Notes: Panel (a) presents skilled workers wage employment rates and their trajectories through two lockdowns, with women’s wage employment falling more than men’s at the start of lockdown. Panel (b) shows the proportion of employed skilled workers working in their training sector and illustrates an increase in the gender gap. The proportion of skilled workers employed in the training sector fell sharply for women when compared to men and is yet to return to pre-pandemic levels. Panel (c) shows that, among employed workers, men’s employment in skilled sectors remained largely unchanged with a slight decrease after two lockdowns, while women’s fell during the first lockdown and never recovered. Panel (d) illustrates the significant disparities in the earnings of employed workers, with men's earnings recovering and climbing up above pre-pandemic levels after the first lockdown at a time when women's earnings were falling. Although earnings dropped and recovered at a similar scale for both during the second lockdown, the gap between employed men's and women's earnings has almost doubled.

Non-essential sector work and childcare responsibilities entrench labour market gender inequalities

Literature identifies two potential determinants of these dynamics: the concentration of female workers in economic sectors deemed non-essential and with a higher risk of COVID-19 exposure, and the extraordinary childcare responsibilities generated by school closures. Prior to the pandemic, women were overrepresented in industries with the strictest restrictions, such as teaching, hairdressing, food, and hospitality. Initial closures in these sectors account for 50% of the employment gap between men and women during the first lockdown; their contribution declines gradually after the restrictions are lifted but rises to 13% during the second lockdown. In addition, during periods of school closure, the number of school-aged children in the household correlates negatively with women's employment, but not with men's. In the later stages of the pandemic, after the prolonged school closure, childcare responsibilities account for 11% to 24% of the employment gap between men and women. Our study estimates that gender differences in employment sectors and childcare responsibilities jointly account for up to 65% of the employment gap between men and women. Consistent with evidence from high- and low-income countries, a significant portion of the gap remains unexplained.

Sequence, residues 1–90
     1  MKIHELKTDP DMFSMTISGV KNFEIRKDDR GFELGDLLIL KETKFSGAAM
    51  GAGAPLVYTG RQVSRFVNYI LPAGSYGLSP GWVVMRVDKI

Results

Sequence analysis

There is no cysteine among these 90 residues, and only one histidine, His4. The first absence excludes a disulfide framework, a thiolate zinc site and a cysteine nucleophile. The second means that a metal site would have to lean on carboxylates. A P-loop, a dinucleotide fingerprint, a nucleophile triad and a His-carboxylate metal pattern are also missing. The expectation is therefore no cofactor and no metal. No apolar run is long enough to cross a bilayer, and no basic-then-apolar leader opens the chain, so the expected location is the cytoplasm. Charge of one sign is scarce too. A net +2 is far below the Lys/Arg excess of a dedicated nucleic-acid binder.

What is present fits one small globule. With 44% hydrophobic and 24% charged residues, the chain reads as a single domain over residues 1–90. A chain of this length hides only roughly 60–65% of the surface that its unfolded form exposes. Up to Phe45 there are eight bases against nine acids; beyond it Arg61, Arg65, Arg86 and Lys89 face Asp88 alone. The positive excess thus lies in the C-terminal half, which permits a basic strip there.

Figure 2: The role of non-essential sectors and childcare responsibilities

Figure 2

Notes: Panel (a) shows the economic sectors in which our respondents were employed pre-pandemic by the share of female workers hosted before the pandemic and the share of businesses that were closed during the first lockdown in May 2020. Markers are proportional to the number of workers employed in each sector before the pandemic. Panel (b) displays the average employment rate for female and male respondents with zero, one, and two or more school-age children in the household in periods in which schools were open (January and March 2020) and periods in which schools were closed (May, July, and December 2020; May, July, and September 2021). School-age children are children aged 3 or more.

Understanding the massive gender gap in pandemic job losses of skilled workers in low-income economies

The 20 percentage point job loss gender gap observed in our study is considerably larger than the gap documented in other high- and low-income countries for more representative populations. Three drivers of such large and persistent effects were identified.

1. Our young respondents were hit by the pandemic in the earliest, most vulnerable stage of their careers. Several studies consistently find larger job losses and gender disparities among the youth.

2. Our respondents were largely employed outside the relatively more sheltered agricultural sector and, given the hands-on nature of their jobs, they were mostly unable to work from home.

3. The study was conducted in a low-income economy where the government's ability to provide targeted support to workers and firms in economic distress was limited. Consequently, our respondents did not have access to publicly funded retention schemes, which supported around 50 million jobs in OECD countries.

Targeted policies for boosting women's productivity

The study's implications are significant for more gender equal COVID-19 response and recovery policies. The integration of female talent into the labour force is a key determinant of GDP growth. Assessing how female skilled workers and entrepreneurs in low-income economies have been impacted by COVID-19 is essential for determining how productivity will fare in these regions once the pandemic subsides. The gender disparities identified in the study underscore that hard-earned progress towards women's employment and earnings parity can be set back by temporary shocks and highlight the need for policies mitigating the disproportionate effects of the pandemic on female workers and entrepreneurs. Closing the employment gender gap will additionally require proper identification of its residual underpinning factors, such as employer discrimination and social norms.